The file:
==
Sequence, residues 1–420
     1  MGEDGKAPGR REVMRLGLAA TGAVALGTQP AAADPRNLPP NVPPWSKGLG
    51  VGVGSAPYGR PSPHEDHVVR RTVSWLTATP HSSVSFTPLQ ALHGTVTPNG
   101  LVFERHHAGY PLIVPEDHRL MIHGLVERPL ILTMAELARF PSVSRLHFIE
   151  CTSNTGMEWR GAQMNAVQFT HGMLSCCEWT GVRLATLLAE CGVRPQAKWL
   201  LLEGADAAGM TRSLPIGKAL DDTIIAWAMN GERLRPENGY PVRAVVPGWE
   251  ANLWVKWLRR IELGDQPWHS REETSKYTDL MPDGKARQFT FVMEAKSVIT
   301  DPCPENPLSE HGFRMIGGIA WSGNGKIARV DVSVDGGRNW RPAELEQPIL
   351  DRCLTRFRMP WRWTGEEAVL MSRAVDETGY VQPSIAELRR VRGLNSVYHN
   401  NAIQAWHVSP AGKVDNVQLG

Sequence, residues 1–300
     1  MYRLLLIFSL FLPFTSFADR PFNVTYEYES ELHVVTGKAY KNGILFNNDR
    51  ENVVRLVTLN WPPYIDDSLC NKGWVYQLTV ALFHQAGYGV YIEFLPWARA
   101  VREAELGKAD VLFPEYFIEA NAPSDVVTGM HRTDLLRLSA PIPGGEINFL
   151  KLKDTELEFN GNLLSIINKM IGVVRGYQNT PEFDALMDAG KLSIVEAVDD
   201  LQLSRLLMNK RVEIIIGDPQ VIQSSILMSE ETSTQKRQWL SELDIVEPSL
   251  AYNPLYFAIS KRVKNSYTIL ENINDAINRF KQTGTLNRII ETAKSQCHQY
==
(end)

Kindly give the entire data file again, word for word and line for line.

Sequence, residues 1–420
     1  MGEDGKAPGR REVMRLGLAA TGAVALGTQP AAADPRNLPP NVPPWSKGLG
    51  VGVGSAPYGR PSPHEDHVVR RTVSWLTATP HSSVSFTPLQ ALHGTVTPNG
   101  LVFERHHAGY PLIVPEDHRL MIHGLVERPL ILTMAELARF PSVSRLHFIE
   151  CTSNTGMEWR GAQMNAVQFT HGMLSCCEWT GVRLATLLAE CGVRPQAKWL
   201  LLEGADAAGM TRSLPIGKAL DDTIIAWAMN GERLRPENGY PVRAVVPGWE
   251  ANLWVKWLRR IELGDQPWHS REETSKYTDL MPDGKARQFT FVMEAKSVIT
   301  DPCPENPLSE HGFRMIGGIA WSGNGKIARV DVSVDGGRNW RPAELEQPIL
   351  DRCLTRFRMP WRWTGEEAVL MSRAVDETGY VQPSIAELRR VRGLNSVYHN
   401  NAIQAWHVSP AGKVDNVQLG

Sequence, residues 1–300
     1  MYRLLLIFSL FLPFTSFADR PFNVTYEYES ELHVVTGKAY KNGILFNNDR
    51  ENVVRLVTLN WPPYIDDSLC NKGWVYQLTV ALFHQAGYGV YIEFLPWARA
   101  VREAELGKAD VLFPEYFIEA NAPSDVVTGM HRTDLLRLSA PIPGGEINFL
   151  KLKDTELEFN GNLLSIINKM IGVVRGYQNT PEFDALMDAG KLSIVEAVDD
   201  LQLSRLLMNK RVEIIIGDPQ VIQSSILMSE ETSTQKRQWL SELDIVEPSL
   251  AYNPLYFAIS KRVKNSYTIL ENINDAINRF KQTGTLNRII ETAKSQCHQY